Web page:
We have been applying API-First design principles for several years now and advise our customers to do the same. As the name suggests, API-First design means designing a system around an API rather than adding an API to an already designed system as an afterthought.

Note: when we say API, we mean a REST-API using JSON object representation – this is because virtually all APIs use REST these days, due to the fact that REST is based on http(s) which has emerged as the dominant communication protocol of the internet.

Why API-First design?

The main reasons for designing a system around an API are:

* Its canonical: the API is the canonical form of a system – i.e. stripping off details of presentation, storage etc, the API represents the system design in its most reduced, pure form. The API should remain valid even as you swap out client and server implementations.

* You can’t do without it: the fragmentation of client technologies (web, mobile etc.) means that we need to support multiple clients, making an API almost unavoidable.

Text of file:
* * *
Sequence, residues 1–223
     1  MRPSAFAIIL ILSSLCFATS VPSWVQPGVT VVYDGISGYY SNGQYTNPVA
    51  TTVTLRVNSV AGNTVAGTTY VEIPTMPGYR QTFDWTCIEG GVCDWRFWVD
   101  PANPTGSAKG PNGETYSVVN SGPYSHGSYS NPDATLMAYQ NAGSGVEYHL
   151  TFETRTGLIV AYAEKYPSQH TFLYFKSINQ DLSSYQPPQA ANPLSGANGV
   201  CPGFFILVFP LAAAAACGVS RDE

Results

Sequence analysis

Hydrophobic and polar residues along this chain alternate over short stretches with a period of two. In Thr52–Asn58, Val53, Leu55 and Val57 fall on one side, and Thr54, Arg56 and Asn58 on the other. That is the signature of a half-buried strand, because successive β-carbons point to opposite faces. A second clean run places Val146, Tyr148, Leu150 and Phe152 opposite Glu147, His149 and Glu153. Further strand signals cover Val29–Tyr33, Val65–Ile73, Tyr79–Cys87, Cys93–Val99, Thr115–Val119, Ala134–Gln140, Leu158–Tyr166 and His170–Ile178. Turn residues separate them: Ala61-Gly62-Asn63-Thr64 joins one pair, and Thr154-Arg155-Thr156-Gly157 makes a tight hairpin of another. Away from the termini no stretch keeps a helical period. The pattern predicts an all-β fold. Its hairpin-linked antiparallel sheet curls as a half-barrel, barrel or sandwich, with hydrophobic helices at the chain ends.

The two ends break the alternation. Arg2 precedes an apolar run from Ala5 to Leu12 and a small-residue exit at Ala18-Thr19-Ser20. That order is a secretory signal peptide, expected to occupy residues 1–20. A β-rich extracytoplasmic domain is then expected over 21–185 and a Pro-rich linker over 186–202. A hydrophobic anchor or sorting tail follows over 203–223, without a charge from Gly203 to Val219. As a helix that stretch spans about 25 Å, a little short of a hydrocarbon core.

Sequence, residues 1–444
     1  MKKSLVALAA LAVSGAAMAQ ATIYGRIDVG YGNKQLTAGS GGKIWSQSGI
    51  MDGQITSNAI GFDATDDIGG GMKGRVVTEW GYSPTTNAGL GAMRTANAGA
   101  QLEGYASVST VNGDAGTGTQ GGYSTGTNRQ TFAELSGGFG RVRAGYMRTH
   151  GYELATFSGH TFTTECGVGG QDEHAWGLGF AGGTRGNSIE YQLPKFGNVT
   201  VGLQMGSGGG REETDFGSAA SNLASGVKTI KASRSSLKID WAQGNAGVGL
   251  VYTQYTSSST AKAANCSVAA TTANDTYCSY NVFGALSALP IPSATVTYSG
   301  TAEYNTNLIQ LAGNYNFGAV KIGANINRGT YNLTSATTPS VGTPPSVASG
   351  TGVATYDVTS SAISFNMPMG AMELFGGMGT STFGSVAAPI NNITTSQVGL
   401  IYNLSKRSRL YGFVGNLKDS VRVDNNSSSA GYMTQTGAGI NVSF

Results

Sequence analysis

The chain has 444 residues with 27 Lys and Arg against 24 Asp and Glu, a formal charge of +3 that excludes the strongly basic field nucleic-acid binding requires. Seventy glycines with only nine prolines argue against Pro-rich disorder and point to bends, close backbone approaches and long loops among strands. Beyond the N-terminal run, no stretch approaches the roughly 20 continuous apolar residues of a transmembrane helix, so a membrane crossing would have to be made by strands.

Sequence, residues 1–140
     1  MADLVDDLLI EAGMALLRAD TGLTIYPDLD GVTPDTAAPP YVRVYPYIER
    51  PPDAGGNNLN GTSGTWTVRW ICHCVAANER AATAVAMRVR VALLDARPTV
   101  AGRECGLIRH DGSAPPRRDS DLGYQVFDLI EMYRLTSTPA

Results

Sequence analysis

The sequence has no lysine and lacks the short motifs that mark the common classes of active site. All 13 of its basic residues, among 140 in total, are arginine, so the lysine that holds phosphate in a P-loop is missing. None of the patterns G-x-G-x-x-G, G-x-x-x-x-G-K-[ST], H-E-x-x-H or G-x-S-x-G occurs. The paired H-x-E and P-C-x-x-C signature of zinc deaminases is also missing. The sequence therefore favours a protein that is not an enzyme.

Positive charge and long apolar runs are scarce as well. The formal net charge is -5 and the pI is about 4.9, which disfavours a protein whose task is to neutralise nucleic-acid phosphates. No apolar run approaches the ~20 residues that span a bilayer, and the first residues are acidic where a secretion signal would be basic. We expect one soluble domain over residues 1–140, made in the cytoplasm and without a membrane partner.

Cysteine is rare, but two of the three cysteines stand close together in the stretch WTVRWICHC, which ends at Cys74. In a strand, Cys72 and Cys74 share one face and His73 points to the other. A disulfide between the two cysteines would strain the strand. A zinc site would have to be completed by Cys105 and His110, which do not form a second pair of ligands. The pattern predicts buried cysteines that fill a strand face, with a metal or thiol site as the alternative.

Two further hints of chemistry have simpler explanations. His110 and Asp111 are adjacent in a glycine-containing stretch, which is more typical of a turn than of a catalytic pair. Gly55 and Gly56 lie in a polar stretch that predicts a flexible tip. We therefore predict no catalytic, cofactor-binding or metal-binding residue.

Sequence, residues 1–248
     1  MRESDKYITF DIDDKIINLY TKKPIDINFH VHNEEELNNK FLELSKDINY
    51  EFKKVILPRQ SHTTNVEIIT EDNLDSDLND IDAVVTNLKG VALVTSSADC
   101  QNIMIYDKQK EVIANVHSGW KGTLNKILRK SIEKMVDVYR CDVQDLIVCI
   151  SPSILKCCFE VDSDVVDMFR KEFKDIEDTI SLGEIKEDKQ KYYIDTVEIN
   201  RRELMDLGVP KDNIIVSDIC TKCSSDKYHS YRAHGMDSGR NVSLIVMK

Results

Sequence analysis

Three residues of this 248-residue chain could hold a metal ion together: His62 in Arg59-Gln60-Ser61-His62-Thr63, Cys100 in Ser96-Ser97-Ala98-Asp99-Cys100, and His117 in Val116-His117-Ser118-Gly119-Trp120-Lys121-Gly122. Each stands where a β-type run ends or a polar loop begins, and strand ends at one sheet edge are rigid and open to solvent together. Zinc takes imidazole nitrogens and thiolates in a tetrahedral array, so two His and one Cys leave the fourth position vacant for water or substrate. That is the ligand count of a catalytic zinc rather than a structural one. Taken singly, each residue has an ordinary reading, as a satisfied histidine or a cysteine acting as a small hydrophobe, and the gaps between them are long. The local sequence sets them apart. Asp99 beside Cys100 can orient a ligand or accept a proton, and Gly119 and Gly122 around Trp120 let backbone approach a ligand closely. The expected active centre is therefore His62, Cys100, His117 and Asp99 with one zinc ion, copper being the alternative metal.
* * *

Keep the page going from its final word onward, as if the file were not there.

* You’d better start with it: if you don’t make an API the starting point of your design, it’s going to be very hard to achieve a correct API without any bleeding of implementation details.

How to do API-First design?

The starting point of API-First design is that the API is authored and verified independently of any implementation. Crucially, this means creating the API with a set of specialised API design tools such as OpenAPI (which we use), NOT generating it from Java or Javascript classes. This lesson is often hard for developers to learn because they are used to thinking of an API as a way to invoke their code, rather than the other way around (namely that their code serves the API).